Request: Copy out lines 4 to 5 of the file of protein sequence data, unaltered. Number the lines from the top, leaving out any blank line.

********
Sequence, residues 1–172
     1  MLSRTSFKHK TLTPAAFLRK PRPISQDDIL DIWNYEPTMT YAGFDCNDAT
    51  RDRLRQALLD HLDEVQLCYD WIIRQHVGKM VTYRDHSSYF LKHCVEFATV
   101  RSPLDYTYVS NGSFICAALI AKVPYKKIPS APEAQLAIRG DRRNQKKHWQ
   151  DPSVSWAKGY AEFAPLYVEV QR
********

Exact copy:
   101  RSPLDYTYVS NGSFICAALI AKVPYKKIPS APEAQLAIRG DRRNQKKHWQ
   151  DPSVSWAKGY AEFAPLYVEV QR